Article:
The General Douglas MacArthur was and still remains to be a controversial figure. Some praise him for his many achievements and see his career as illustrious; others have criticized his tactics and see him as having been overzealous and egotistical. Aside from public opinion it is hard to argue against the facts, General MacArthur served a long career as a commander for the United States military and earned many awards for heroic acts.
On January 26th, 1880 at the Arsenal Barracks in Little Rock, Arkansas Douglas MacArthur was born to Arthur Jr. and Pinky MacArthur. His father was a United States Army Captain who had served for the Union during the Civil War. Douglas was born with big shoes to fill, as his father had earned the Congressional Medal of Honor during his time served in the Civil War. The family lived a the transient life of a military family. Douglas grew up hopping from army post to army post across the American Western Frontier. In 1889 his family settled for four years in Washington, DC and than moved to San Antonio, Texas in 1893.
While in Texas, MacArthur grew to the age were he could enroll in a military academy. He attended the West Texas Military Academy where he excelled academically and was active in many extracurricular activities such as tennis, football and baseball. He graduated as the valedictorian. West Point became the next goal in his educational career. Both his grandfather, a federal judge and his father, an army general, petitioned for his admission into the prestigious school. In 1899 he was finally admitted into West Point. Life was not always easy there for him. His mother moved into a building directly across from his dorm so she could keep a close watch on him. Due to his mother's protective presence and because of having a famous military father he was the target of hazing. In spite of the hardships with some of his peers he graduated top of his class in 1903.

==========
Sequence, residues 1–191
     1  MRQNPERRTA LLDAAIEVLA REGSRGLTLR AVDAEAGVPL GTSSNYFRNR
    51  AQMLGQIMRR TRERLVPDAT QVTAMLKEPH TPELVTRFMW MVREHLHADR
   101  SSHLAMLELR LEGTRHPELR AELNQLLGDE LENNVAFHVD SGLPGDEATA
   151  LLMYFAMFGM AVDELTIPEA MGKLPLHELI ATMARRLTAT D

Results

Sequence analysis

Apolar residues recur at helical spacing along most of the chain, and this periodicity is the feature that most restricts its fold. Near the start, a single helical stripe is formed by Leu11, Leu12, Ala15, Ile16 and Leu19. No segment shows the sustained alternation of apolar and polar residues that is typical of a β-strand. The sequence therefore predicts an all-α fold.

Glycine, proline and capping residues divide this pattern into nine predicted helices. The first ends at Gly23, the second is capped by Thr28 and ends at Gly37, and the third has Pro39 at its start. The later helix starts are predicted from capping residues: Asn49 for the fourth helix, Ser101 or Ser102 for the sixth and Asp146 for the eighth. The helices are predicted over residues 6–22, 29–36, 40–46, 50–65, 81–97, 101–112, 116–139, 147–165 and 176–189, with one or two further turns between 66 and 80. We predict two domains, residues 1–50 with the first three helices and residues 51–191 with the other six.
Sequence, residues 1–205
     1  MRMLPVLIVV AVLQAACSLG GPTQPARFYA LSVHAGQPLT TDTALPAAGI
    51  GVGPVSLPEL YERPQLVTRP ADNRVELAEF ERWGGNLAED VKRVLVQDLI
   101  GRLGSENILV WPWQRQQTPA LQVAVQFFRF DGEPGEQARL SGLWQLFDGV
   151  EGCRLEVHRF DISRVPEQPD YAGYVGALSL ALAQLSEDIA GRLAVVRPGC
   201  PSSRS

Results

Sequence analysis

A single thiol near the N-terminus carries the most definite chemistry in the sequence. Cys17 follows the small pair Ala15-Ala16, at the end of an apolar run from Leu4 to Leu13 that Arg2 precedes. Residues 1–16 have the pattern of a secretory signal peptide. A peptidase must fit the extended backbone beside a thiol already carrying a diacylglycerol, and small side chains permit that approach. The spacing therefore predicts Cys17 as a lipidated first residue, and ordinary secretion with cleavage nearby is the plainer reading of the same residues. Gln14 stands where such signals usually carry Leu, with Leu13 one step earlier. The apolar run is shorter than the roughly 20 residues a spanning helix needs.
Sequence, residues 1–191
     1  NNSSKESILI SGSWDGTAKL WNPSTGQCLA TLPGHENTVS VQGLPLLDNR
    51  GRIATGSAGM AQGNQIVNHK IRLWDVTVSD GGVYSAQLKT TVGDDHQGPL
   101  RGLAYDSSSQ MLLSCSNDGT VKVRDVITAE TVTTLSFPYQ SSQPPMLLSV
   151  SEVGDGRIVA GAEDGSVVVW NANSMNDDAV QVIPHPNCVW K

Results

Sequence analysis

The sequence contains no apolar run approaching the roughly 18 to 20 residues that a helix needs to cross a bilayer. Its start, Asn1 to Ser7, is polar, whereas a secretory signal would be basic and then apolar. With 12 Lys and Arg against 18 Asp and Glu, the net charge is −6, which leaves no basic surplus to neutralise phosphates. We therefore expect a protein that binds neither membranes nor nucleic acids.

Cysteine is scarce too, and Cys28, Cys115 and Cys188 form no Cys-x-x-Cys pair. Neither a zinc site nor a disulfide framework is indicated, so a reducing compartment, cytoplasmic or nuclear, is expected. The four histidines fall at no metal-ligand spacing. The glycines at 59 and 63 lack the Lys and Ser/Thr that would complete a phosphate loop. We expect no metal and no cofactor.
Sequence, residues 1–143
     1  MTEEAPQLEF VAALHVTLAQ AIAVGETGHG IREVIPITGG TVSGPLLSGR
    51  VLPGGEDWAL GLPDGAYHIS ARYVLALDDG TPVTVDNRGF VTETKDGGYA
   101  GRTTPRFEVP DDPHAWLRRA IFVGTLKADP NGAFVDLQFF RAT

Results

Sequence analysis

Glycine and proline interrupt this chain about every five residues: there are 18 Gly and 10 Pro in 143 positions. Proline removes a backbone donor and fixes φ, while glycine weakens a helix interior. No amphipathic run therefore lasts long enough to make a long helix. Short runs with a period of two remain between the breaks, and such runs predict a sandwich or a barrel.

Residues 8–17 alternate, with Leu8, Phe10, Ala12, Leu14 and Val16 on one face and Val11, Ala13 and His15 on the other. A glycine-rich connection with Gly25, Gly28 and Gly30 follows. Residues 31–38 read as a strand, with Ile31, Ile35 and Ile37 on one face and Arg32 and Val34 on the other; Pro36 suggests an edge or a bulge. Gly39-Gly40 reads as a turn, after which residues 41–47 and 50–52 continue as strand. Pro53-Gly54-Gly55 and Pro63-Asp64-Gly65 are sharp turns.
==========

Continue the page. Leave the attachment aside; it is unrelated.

Upon graduating from West Point he joined the 3rd Engineer Battalion. In October 1903 he was sent to the Philippines. Shortly after arriving he was ambushed by two Filipino guerrillas while on duty. For proving to be an apt soldier, he was promoted to the rank of lieutenant in April 1904. Unfortunately in October later that year he contracted malaria among other illnesses and had to return to the United States. San Francisco was the new destination, where he was appointed to the California Debris Commission, which was project that sought to alleviate environmental issues caused by the gold mining industry. In 1905 he became Chief Engineer of the Military Division of the Pacific. He was called to Tokyo to aid his father. In Japan they inspected military bases together. The job led them across further across Asia, throughout India and China.
Called back to America in September of 1906 he was assigned to the 2nd Engineer Battalion at the Washington Barracks and joined the engineer school. Douglas' first command was assigned in April of 1918. It was the Company K, 3rd Engineer Battalion/Fort Leavenworth. In 1909 he was promoted to the Battalion Adjutant and in 1910 was bumped up further to Engineer Officer and finally in 1911 he was appointed to the rank of Captain. He was made head of the Military Engineering Department and the Field Engineering School. Unfortunately, in 1912 MacArthur's father died suddenly and so he traveled to Milwaukee, Wisconsin to comfort and care for his ailing mother. He requested a transfer to Washington, DC where he could keep his mother near the renowned John's Hopkins Hospital.
In 1914 he experienced his first direct involvement with warfare. He was ordered to participate in the Occupation of Vera Cruz during the Mexican Revolution. He directed a reconnaissance mission that sought to locate locomotives to transport important supplies and people along the Vera Cruz railway. He was ambushed on the mission but made it out alive and had located three working trains. For his valiant efforts he was nominated for the Medal of Honor but did not receive it for this instance.